At least three US government bodies have asked Medtronic to provide information on several separate issues, including the recent Sprint Fidelis defibrillator lead recall and possible violations of laws dealing with sales in other countries, the Wall Street Journal reports today.
The Senate Finance Committee, the newspaper suggests, wanted the Sprint Fidelis information as part of its investigation of the FDA’s oversight of medical devices. As recently reported by heartwire and around the world by the public media, the company recalled the leads, one of its more successful products, because of evidence that they might be prone to fracture. At least five patients had died possibly as a result of Sprint Fidelis failures.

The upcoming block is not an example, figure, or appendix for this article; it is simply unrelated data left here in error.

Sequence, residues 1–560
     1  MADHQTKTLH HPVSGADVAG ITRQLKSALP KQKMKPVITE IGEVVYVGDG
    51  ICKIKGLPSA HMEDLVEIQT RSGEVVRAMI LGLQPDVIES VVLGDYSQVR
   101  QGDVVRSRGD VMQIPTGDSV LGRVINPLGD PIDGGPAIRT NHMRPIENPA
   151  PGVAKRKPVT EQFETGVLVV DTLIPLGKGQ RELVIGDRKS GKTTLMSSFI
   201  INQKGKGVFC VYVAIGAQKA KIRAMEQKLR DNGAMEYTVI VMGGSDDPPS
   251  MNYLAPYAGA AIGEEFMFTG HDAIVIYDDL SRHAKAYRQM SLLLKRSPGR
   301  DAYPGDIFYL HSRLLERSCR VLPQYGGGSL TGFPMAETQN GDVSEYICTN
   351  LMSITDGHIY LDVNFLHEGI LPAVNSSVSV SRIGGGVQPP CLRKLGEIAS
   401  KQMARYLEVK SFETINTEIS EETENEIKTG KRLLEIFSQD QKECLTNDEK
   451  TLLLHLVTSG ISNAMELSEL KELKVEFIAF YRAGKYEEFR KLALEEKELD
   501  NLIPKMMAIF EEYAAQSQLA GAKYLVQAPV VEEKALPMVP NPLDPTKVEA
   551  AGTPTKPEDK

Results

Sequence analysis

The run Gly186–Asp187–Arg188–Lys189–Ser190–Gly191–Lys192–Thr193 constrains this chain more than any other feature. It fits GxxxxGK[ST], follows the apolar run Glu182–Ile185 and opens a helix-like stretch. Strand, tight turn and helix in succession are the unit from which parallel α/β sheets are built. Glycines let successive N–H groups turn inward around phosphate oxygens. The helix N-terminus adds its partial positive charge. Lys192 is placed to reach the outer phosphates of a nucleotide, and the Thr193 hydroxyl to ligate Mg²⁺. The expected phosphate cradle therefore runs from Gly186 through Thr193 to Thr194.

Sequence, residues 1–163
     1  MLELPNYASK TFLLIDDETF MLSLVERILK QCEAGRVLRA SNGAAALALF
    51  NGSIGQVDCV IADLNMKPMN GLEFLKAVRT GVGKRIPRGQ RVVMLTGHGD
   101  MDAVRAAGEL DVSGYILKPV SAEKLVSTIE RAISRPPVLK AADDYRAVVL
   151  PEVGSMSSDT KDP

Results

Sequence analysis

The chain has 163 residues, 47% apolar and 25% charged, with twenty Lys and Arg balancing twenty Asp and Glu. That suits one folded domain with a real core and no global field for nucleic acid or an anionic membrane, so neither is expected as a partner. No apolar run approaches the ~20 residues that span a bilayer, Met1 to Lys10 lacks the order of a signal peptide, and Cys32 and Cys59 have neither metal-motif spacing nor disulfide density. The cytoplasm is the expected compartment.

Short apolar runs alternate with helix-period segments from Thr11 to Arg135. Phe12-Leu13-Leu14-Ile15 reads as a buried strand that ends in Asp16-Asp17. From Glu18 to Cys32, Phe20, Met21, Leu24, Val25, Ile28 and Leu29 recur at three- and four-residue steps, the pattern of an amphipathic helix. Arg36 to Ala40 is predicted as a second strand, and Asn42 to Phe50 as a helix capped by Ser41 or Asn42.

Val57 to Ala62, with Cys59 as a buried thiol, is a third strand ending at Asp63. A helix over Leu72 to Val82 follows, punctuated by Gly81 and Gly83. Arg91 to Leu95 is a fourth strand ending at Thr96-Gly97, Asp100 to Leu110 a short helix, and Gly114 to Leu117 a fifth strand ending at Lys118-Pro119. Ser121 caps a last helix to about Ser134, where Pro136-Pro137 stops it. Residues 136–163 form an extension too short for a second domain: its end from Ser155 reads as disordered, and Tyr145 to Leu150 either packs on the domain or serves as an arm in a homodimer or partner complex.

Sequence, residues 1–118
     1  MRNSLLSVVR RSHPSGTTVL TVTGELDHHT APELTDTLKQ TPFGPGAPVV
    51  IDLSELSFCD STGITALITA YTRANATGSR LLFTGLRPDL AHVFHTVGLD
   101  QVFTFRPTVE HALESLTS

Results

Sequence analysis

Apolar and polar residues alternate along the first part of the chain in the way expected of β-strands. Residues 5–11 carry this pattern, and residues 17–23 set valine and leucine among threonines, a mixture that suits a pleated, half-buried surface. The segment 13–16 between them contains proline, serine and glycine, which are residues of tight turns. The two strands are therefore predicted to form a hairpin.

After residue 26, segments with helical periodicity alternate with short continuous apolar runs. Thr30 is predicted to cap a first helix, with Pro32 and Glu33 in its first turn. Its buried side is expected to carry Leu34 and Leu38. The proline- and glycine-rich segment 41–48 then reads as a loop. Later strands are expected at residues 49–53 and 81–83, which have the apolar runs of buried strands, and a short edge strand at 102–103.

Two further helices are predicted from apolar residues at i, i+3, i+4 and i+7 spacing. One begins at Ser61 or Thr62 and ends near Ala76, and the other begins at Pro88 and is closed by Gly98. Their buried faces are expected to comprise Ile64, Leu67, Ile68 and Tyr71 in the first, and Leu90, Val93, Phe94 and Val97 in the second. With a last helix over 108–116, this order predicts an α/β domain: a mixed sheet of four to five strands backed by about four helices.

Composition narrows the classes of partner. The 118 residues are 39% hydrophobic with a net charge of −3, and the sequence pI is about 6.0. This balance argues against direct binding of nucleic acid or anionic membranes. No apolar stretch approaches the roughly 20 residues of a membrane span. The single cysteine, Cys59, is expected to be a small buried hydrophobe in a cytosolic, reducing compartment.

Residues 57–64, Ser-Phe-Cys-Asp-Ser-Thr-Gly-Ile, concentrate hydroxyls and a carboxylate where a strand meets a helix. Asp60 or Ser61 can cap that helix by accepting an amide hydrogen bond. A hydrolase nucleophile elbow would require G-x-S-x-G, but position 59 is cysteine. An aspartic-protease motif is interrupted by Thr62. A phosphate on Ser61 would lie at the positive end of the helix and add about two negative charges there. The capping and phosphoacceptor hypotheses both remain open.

Medtronic, the WSJ continues, has also disclosed that the Securities and Exchange Commission (SEC) had asked for information about possibly illegal "payments made to foreign doctors" as part of an informal probe of the company. The Department of Justice asked the company for whatever materials it sends the SEC.
A entry in a WSJ blog elaborated on that issue a little, noting that the "foreign doctors" were in, at least, Greece, Poland, and Germany. "Other device makers have disclosed receiving similar letters, according to Medtronic," the entry notes.
And, finally, "the US attorney’s office for the Eastern District of Pennsylvania asked for information on payments or gifts to physicians or physician’s groups related to the purchase of the company’s cardiac stents and cardiac-therapy devices," according to the news story, which further notes that a particular unnamed "customer" had been singled out for investigation.